Besides discussing of the work of the great abbesses of pre-Viking double monasteries in the light of Eastern Orthodox monastic tradition, the paper will consider their monastic predecessors - St Brigid and St Genovefa, some near-contemporary examples of spiritual direction by women ascetics, and a case of a modern double monastery.

Lidia Kroshkina "Holy mother's way" and its embodiment in service of mother Maria (Skobtsova)"
[Tutor at Humanitarian University, St Philaret's Christian Orthodox Institute, Moscow, Russia]
The report is devoted to a theological view of mother Maria (Skobtsova) on the ways of Christian service in the modern world, and also to their embodiment in her merciful, missionary, church, theological and liturgical activity.

Sophia Androsenko ‘Women’s Ministries in Catechism in the Transfiguration Fraternity (1990 until today)’
[BA student at School of Theology, St Philaret's Christian Orthodox Institute, Moscow, Russia]
The presentation examines the experience of women catechists in the Transfiguration Fraternity since 1990, when the fraternity was officially established. The following questions will be raised: Transfiguration Fraternity catechetical ministry in the historical context of catechumenate in the Church (what do catechists and their assistants do?); why and in what way are women involved in catechism? a woman catechist: an advantage or a compromise? pluses and minuses of woman catechist (obstacles, limitations, advantages as compared to men catechists); the issue of confession.

Zoya Dashevskaya ‘Particular qualities of women’s church ministries in liturgical and canonical sources’
[Dean, School of Theology, St Philaret's Christian Orthodox Institute, Moscow, Russia]
1.      Short overview of the sources: content and the analysis of the material. The place of women in church gatherings of second - fourth centuries. Circle of interests and spheres of responsibilities of women and for women in Graeco-Roman society during the period of late antiquity. Social status of women.
2.      What does the term ‘women’s ministries’ mean? Which ministries do we know about in liturgical and canonical sources? Which ministries do they not mention?
3.      Women’s ministries, which need ordination/installation and the ones that do not. Conditions of installation/raising for the ministry. Spiritual gifts, which are necessary for performing each ministry. Difficulties, warnings, responsibilities for performing or not performing of one’s ministry.
4.      Development of women’s ministries. Witnessing of the canonical literature.

Svitlana Kobets ‘Female Holy Fools in Eastern Orthodox tradition’
[Literature Instructor at St. Michael's College at the University of Toronto]
The paradigm of holy foolishness as a form of Christian asceticism and saintliness is considered not to be gender-sensitive. However, if we compare the number of vitae of female and male holy fools, we see that males constitute the overwhelming majority of holy foolish saints. What was the reason for such a staggering imbalance? To what extent was it possible for a woman to choose the path of holy foolishness and to be on par with her male peers who roamed around naked or near naked, led an unsettled and unprotected life and presented themselves as mad and possessed? In which ways do the hagiographies and phenomenologies of female holy fools differ from those of their male peers? Is the paradigm of holy foolishness indeed the same for male and female ascetics? In this paper, as I address these questions I will discuss the idiosyncrasies of female holy fools’ hagiographic portrayals vis-à-vis those of their male counterparts both in Byzantium and Russia.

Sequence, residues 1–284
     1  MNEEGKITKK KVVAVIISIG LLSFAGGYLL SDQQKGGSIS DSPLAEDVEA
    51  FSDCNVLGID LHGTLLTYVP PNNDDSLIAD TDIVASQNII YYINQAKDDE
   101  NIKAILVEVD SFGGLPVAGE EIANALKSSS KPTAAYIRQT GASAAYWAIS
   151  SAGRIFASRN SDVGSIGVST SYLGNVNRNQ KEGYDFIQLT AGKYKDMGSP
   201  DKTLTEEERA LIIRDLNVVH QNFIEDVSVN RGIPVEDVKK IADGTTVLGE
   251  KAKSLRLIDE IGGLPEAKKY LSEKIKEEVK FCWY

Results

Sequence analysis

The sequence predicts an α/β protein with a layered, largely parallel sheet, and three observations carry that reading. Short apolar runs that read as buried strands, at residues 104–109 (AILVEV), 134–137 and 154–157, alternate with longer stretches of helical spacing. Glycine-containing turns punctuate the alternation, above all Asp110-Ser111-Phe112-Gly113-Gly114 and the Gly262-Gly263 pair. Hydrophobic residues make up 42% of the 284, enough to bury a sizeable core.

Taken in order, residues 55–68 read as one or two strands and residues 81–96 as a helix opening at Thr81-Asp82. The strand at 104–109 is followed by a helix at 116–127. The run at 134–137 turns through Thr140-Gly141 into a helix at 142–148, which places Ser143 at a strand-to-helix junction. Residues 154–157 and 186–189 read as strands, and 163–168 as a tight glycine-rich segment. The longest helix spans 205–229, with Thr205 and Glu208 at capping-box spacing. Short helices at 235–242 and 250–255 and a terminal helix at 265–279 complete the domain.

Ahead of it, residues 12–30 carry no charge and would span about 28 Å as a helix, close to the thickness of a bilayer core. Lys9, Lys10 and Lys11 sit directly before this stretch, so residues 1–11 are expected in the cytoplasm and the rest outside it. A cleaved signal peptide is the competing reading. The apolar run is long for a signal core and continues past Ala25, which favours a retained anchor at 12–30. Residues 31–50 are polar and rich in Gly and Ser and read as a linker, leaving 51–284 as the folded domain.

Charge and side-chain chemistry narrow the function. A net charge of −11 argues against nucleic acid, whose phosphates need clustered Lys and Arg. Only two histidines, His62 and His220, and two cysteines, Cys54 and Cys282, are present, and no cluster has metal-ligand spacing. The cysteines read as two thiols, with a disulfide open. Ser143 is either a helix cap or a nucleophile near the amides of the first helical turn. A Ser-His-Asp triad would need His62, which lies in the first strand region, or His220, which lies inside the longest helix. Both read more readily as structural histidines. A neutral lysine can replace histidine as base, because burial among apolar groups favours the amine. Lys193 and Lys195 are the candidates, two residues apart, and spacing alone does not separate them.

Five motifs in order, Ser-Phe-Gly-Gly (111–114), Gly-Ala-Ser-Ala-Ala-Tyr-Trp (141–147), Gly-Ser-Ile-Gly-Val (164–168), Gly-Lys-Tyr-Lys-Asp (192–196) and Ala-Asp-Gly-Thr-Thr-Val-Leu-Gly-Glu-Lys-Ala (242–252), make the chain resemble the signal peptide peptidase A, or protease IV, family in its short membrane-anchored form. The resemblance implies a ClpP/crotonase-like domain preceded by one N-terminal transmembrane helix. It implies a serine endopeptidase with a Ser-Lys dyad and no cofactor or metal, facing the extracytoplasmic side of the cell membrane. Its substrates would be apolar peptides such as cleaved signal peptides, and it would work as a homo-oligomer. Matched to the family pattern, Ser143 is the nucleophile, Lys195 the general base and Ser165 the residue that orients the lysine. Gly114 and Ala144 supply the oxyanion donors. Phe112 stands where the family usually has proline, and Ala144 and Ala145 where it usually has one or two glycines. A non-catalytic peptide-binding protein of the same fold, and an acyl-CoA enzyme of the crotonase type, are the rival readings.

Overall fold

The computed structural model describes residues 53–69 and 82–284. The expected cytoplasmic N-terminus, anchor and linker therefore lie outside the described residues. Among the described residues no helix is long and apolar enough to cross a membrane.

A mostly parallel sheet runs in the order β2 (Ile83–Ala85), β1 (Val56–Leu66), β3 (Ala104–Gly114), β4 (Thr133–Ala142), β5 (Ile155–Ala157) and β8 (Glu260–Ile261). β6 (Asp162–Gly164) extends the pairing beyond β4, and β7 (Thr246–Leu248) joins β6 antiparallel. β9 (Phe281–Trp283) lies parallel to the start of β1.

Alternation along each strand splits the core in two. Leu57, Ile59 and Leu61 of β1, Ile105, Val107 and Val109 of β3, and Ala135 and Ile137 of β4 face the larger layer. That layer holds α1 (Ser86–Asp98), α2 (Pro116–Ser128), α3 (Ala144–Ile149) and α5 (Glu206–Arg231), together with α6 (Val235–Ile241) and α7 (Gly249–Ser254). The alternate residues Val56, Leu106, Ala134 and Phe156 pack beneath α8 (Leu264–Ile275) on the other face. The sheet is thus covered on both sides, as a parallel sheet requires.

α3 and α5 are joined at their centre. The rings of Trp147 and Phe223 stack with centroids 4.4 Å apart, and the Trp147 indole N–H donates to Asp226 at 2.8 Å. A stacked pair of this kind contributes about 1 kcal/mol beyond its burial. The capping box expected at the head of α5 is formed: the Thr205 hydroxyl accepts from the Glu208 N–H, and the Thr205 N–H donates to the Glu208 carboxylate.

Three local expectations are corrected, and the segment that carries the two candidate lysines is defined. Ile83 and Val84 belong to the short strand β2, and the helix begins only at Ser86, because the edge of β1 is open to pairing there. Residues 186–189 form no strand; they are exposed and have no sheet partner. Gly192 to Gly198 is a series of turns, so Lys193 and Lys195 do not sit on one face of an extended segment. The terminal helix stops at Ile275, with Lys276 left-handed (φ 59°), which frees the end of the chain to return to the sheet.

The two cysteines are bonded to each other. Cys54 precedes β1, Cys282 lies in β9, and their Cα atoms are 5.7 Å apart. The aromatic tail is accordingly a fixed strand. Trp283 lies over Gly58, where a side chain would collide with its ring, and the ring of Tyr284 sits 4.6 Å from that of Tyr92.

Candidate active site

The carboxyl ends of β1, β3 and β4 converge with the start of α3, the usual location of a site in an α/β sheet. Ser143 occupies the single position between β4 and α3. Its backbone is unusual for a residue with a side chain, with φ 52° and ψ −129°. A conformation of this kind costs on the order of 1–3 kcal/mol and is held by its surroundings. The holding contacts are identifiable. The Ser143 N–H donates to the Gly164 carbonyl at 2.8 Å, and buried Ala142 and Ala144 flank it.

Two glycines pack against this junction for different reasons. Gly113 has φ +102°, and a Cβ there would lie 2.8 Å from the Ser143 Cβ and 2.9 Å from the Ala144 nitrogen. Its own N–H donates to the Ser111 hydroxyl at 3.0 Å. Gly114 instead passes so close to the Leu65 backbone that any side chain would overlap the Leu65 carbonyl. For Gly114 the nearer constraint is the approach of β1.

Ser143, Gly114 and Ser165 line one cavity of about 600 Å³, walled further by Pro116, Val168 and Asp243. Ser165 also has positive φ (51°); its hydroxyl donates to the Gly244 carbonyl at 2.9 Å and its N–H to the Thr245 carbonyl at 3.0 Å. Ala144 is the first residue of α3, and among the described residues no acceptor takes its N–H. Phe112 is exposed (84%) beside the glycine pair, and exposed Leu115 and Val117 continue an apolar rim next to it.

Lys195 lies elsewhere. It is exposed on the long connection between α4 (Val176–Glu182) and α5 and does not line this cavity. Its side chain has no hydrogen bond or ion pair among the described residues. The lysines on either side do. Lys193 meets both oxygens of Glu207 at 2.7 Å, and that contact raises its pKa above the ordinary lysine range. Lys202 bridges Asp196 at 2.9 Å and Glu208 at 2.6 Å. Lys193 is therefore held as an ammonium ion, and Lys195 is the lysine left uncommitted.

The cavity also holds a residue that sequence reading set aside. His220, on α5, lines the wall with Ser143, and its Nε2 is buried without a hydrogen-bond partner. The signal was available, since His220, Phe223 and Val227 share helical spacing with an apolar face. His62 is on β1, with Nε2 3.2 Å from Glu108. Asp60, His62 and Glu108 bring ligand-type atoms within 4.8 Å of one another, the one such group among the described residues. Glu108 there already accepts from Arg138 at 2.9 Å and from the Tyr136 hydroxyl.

Dimitris Salapatas: Women Chanters and Hymnographers within the Byzantine Tradition
This paper will analyse the significant issue of chanting and hymnography within the Byzantine tradition, especially when executed by women within the Orthodox Church. There are many views on whether there should be women chanters, what they can chant, when they can chant etc. However, this paper will only analyse the tradition as seen through the Orthodox Church which retains and practices Byzantine Music. Additionally, Scripture, Church History and the Fathers of the Church will be used in order to verify the practice of the Orthodox Church. By analysing and examining the past we will be able to understand the current practices and identify the future prospects in the relation between Orthodox women and Byzantine Music.
It is evident that within the tradition of the Orthodox Church there are not many women chanters and hymnographers; the most famous being Kassiani, she is merely an exception to the rule. However, what will be analysed within this paper is the fact that many male members of the Church cannot accept women as chanters and are against this reality. Some are even arrogant enough to propose that women should merely sit with the rest of the women and listen to the male choirs. Many have the belief that if a woman is chanting, and a male chanter arrives, she should leave with ‘humility’ and allow for the male singer to continue the service. These negative pre-conceptions will be examined and analysed within this paper.
Personal beliefs, practices and examples will be given, showing the practical issues, especially as seen within the Archdiocese of Thyateira and Great Britain. Women chanters play a key role in the day to day services, where male chanters are absent. Many times, even children chant, in the absence of a male chanter. However, what is their role today? In order to achieve a better understanding of these questions, a survey will take place, where chanters and priests from a number of countries will be asked to answer a number of key questions, on whether there should be women chanters.
Additionally a small analysis on Byzantine Music will be given, to ascertain whether women can chant within this ecclesiastical musical reality. However, despite the fact that Byzantine Music is dominant within the Greek Orthodox World, it is not the only musical tradition that exists. The Ionian Islands, for example, retain a more western and choral tradition, which is of course part of the Greek Orthodox Ecclesiastical tradition.  Therefore, a comparison between the two musical traditions within the Greek World will give significant results in regards to the role a woman has within the Pasltirion.

The key objectives of this paper are to identify the current role of women chanters, using the past practice as a basis. What is the future for women chanters within the Orthodox Church? Could there be an efficient marriage between women and Byzantine Music? Most importantly, can the male members of the Church accept women as chanters? Maybe the answer is a simple one. However, there are many who oppose this reality. The outcome of this paper is to further educate the members of the Orthodox Church on this crucial matter, in order to bring further equality and understanding between women and men.